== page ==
Social Security Disability Death Benefits

by Terri Deno ; Updated July 27, 2017

The Social Security Administration (SSA) is a government organization that has been providing Americans with assistance during retirement and disabilities since 1935. Those who collect Social Security payments are often supporting families. When the beneficiary dies, the SSA has procedures in place to determine who can collect the death benefit and if any survivors are eligible for continuing Social Security payments.

Function

The Social Security Death Benefit is a one-time payment provided to the surviving spouse or children of a deceased person who had been drawing Social Security payments due to disability or retirement. The payment can be put toward funeral expenses, outstanding bills or any other financial need the survivors may have after the death.

The availability of this benefit is subject to the eligibility of the survivors.

Size

The one-time Social Security Death Benefit is $255. This payment is payable a surviving spouse that lived with the beneficiary at the time of death. If there is no surviving spouse, children of the beneficiary may also qualify for the payment.

The death benefit is paid in addition to any Social Security benefits that a spouse or minor child will continue to receive after the death of the beneficiary.

Application Process

The application process for death benefits can begin with a phone call or a visit to the nearest Social Security Administration office. You will need to provide information about the deceased including their name, date of birth and social security number. You will also need to provide information on where and when they worked, whether they have ever served in the military or railroad and if they have previously filed for benefits. If they had previously filed for benefits, the interviewer will need to know whether it was due to retirement or disability.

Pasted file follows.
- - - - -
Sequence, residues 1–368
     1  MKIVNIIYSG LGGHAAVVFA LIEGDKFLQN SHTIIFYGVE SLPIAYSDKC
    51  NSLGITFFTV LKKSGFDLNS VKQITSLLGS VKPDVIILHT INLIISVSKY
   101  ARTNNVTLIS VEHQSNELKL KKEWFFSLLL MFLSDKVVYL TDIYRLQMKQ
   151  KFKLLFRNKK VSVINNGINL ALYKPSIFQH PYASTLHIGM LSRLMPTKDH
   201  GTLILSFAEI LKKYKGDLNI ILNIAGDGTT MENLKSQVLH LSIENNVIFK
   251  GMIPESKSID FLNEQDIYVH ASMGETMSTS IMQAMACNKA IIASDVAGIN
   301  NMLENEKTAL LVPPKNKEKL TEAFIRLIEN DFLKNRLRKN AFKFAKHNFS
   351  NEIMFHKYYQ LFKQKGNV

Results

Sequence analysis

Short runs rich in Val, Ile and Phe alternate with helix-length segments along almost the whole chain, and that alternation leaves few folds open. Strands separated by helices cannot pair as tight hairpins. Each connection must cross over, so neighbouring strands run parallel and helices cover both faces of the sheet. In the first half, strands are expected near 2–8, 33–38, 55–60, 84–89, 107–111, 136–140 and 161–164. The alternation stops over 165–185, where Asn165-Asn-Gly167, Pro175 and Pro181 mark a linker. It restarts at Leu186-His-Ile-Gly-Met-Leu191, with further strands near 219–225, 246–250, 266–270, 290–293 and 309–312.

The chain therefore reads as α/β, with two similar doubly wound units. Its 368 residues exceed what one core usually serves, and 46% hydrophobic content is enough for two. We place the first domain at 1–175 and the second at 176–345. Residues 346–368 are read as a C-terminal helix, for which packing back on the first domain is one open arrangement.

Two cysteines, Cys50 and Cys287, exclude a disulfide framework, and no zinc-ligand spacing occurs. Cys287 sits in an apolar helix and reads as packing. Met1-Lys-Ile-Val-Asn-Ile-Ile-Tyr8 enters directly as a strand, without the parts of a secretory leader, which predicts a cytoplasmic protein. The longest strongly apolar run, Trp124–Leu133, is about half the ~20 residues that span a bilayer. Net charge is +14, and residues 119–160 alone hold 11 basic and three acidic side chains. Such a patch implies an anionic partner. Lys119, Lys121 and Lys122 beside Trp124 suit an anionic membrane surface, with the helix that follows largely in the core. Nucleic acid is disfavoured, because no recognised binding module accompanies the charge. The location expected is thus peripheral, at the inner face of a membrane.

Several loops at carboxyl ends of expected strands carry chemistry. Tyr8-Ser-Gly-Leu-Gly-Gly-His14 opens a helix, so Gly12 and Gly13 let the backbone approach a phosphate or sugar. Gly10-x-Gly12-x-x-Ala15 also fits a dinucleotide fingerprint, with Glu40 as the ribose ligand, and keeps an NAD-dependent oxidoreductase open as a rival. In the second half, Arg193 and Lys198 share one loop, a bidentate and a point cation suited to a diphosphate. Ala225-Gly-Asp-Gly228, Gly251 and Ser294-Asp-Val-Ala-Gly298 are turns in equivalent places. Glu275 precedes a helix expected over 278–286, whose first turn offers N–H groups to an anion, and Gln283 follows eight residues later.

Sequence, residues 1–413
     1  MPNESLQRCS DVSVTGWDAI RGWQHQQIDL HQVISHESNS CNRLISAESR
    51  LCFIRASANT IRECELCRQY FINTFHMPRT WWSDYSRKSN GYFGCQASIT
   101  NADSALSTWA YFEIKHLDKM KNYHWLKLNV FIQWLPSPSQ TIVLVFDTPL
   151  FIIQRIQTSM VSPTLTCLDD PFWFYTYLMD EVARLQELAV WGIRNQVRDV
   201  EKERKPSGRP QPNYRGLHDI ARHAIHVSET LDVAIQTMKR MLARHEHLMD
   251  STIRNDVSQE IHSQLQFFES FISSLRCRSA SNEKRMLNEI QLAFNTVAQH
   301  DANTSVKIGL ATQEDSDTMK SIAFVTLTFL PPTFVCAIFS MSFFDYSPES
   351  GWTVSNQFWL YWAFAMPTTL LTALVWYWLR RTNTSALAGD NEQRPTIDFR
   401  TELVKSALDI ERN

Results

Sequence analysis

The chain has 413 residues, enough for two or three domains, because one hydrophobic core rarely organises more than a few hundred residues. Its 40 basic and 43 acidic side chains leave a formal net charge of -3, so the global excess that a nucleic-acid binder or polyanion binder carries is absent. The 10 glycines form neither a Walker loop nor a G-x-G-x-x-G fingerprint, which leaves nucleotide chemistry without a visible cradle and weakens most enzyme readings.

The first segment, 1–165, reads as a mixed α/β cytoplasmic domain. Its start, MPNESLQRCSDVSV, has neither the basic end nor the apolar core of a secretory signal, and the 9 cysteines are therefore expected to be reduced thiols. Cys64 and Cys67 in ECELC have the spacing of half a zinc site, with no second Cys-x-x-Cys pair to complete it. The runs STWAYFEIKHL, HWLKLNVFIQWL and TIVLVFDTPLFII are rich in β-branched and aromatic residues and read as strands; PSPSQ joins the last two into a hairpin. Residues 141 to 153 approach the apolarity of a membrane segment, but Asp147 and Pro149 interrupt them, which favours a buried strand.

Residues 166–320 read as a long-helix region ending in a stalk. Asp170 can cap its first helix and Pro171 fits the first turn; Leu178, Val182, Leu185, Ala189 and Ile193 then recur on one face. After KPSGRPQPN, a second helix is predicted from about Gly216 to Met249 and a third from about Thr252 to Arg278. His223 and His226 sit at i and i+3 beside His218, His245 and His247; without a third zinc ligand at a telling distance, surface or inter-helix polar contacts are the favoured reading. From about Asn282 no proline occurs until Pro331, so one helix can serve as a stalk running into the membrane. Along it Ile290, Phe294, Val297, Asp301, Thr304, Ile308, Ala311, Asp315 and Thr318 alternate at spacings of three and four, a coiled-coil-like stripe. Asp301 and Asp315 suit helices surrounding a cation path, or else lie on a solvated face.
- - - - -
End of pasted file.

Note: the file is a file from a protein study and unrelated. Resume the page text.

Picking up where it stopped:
Additional information you will need to provide to the SSA office are the names and birth dates of the surviving spouse, minor children or disabled children in the beneficiary's care at the time of death. To qualify for the benefit payment, you will also need to provide your birth certificate (or proof of birth) and W-2 forms to see if you are eligible to collect the payment.

Misconceptions

The Social Security Death Benefit does not affect any payments that survivor will continue to receive after the death of the beneficiary. The death benefit is an additional payment that only occurs once. As long as survivors promptly report the death to the SSA and file an application to continue Social Security payments, the survivor will be able to get 70 percent to 100 percent of the monthly payments, depending on their eligibility and whether the beneficiary was collecting due to a disability or retirement.

Warning

Collecting a death benefit or continuing payments may be a long process, but this is to avoid anyone trying to deceive the Social Security Administration. The application process for death benefits asks for a range of personal identifying information to verify the surviving family members qualify for these benefits. Social Security fraud is punishable by law and can bring a prison sentence of up to five years. To avoid being accused of fraud, do not make false statements or hide information during the death benefit application process.

About the Author

Terri Deno is a freelance writer living near Indianapolis. She holds a B.A. in English from Ball State University. She has a passion for research; this passion is the driving force for writing about antiques, literature, genealogy, shopping and travel.